17. Our good legal infrastructure – laws and regulations - make it easy for people to do business in Singapore. We have got to keep it that way. We will continuously look at it, and we will try and keep the cutting edge.

18. Internationally, people are recognizing it. The Business Environment Rankings by EIU and the World Bank Doing Business Report 2017 rank us pretty much at the top.

19. We also have a strong intellectual property regime which protects innovations comprehensively and effectively. The World Economic Forum’s Global Competitiveness Report (2016/2017) ranked Singapore as “Number 4” out of 138 countries, and top in Asia, for IP protection.

20. That is a good position to be in, and a good reputation to have. Singapore’s success ultimately depends not on size but on confidence that people have that their assets and monies will be protected, and that there is rule of law. That is fundamental to us, and we have to continue to try to be one of the most pro-business and pro-innovation countries in Asia.


B. Strong research and talent base, with a skilled workforce

21. Second, we have to try and create a strong research and talent base, and train up our workforce.

22. We have: (i) good universities; (ii) in this region, some of the best research institutes; and (iii) a skilled and highly-educated workforce.

23. There is a strong, sustained focus – with industry working with Government and institutes – on research, innovation and supporting enterprises. We can go ahead.

24. For example, our Research, Innovation and Enterprise (“RIE”) Committee, has set the following goals for 2020:

          a) to expand public-private research collaboration;

          b) to help our companies better absorb new technology; and

          c) to strengthen our research and innovation workforce.

25. Unlike many other places in the world, the RIE has actually put a lot of money on the table, to try and achieve these.

C. Network of innovative enterprises, investors and support services

26. Third, we are trying to create a network of innovative enterprises, investors and support services to come together to help the ecosystem. We will continue to focus on that.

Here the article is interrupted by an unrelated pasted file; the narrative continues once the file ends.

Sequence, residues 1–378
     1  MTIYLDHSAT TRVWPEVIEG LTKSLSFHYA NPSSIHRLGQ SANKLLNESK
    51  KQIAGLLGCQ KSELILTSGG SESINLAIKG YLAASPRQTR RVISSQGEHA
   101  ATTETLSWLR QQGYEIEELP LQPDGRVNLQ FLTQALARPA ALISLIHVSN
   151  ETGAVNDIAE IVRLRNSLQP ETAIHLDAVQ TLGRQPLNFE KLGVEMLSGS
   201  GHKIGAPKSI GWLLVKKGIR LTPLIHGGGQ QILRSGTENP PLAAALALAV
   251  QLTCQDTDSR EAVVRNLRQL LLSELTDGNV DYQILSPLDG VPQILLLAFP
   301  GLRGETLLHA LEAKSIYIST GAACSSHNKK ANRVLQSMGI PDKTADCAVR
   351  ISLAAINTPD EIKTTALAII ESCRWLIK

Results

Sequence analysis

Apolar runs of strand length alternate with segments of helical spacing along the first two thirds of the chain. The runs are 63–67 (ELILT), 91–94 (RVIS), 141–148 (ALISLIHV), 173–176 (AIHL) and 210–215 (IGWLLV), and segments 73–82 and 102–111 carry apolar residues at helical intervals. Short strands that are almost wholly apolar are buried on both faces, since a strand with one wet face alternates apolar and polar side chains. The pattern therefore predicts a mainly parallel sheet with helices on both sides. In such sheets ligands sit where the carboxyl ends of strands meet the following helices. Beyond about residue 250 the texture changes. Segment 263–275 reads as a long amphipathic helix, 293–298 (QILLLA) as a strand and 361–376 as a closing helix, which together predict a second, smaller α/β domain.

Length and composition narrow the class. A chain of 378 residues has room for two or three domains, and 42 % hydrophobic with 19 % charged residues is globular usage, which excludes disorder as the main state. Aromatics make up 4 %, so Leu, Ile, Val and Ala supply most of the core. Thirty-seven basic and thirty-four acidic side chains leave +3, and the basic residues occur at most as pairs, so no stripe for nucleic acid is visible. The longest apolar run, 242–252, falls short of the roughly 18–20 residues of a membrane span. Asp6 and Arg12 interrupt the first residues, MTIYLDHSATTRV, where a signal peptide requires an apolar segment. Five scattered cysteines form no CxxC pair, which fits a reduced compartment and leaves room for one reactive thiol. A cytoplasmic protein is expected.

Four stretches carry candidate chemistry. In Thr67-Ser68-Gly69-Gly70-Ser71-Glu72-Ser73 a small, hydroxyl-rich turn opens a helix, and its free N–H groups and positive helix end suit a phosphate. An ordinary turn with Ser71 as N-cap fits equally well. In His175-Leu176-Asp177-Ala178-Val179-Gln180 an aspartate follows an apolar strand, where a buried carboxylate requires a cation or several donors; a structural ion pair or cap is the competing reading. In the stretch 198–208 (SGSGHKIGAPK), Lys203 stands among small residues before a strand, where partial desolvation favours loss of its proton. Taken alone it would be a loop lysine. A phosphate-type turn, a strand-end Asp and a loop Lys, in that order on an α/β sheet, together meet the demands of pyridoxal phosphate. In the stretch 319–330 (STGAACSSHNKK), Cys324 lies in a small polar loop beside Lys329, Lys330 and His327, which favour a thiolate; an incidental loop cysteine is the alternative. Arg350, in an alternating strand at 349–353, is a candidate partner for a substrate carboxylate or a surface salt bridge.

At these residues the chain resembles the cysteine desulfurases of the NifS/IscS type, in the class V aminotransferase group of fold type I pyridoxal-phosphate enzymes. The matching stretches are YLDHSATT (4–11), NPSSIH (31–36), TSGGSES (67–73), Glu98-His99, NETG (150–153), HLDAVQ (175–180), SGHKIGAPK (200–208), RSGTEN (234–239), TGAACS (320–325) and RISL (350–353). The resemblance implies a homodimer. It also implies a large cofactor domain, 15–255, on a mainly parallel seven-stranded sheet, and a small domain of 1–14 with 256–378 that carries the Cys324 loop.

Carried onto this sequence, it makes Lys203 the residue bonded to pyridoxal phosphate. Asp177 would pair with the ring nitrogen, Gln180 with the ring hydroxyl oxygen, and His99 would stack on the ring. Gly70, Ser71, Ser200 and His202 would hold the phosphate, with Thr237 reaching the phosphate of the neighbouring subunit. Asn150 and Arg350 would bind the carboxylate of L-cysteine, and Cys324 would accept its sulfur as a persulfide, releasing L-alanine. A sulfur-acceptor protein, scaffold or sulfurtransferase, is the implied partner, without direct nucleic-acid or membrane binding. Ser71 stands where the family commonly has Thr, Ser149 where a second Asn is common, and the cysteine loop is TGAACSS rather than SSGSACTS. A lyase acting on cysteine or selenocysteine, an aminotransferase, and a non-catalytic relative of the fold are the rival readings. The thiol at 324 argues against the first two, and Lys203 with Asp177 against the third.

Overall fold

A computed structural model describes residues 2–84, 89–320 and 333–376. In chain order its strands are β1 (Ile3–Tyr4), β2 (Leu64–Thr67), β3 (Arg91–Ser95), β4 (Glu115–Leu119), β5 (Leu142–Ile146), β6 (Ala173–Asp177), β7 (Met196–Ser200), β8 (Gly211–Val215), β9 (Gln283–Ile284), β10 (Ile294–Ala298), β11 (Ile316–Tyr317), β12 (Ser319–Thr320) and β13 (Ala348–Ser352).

27. On this front, IPOS has been helping to develop IP strategy and management expertise for our businesses:

          a) IPOS has developed the Master of IP and Innovation Management; working with the Singapore University of Social Sciences.

          b) IPOS also runs the IP Professional Conversion Programme, which provides funding for Singaporeans who want to acquire skills, to convert to the IP industry. Not many places do that.

          c) IPOS, through its subsidiary IPValueLab, is also providing business IP advice to companies. In the last five months, over 30 companies have been assisted in that way.

 

28. Many companies do recognize these advantages in our ecosystem, and have started locating some of their IP activities in Singapore. We encourage more companies to do that.


D. LEVERAGING ON THESE ADVANTAGES TO INNOVATE AND GROW

29. Local companies and businesses ultimately are the key. The Government can only provide a framework, funding, and try and push. But in the end, whether it succeeds or not depends on the innovators, the entrepreneurs, and the businesses.

30. We hope local companies and businesses will try to leverage on the advantages we have in Singapore, and innovate and develop an IP management strategy.

31. Let me end with an example of one such local company – Cyclect.

32. Cyclect started 74 years ago as an equipment repair shop. If it had stayed that way, they may not be in business now. But they have transformed themselves into a turnkey solutions provider in the infrastructure, industrial manufacturing and marine sectors.

33. Cyclect came up with several inventions since 2000, for example, a heat exchange system between ambient air and Liquefied Natural Gas to cool the ambient air for future use.

34. They now have a portfolio of various patents and registered trademarks.

35. They are a well-deserved winner of the WIPO IP Enterprise Trophy, and the IPOS Award for IP Champions. We congratulate them.

E. CONCLUDING REMARKS

36. In closing, I will also like to congratulate all the WIPO-IPOS IP Award winners of 2017 for their successful achievements.

37. I wish all of you a good conference and a very pleasant stay in Singapore.

38. Thank you.

End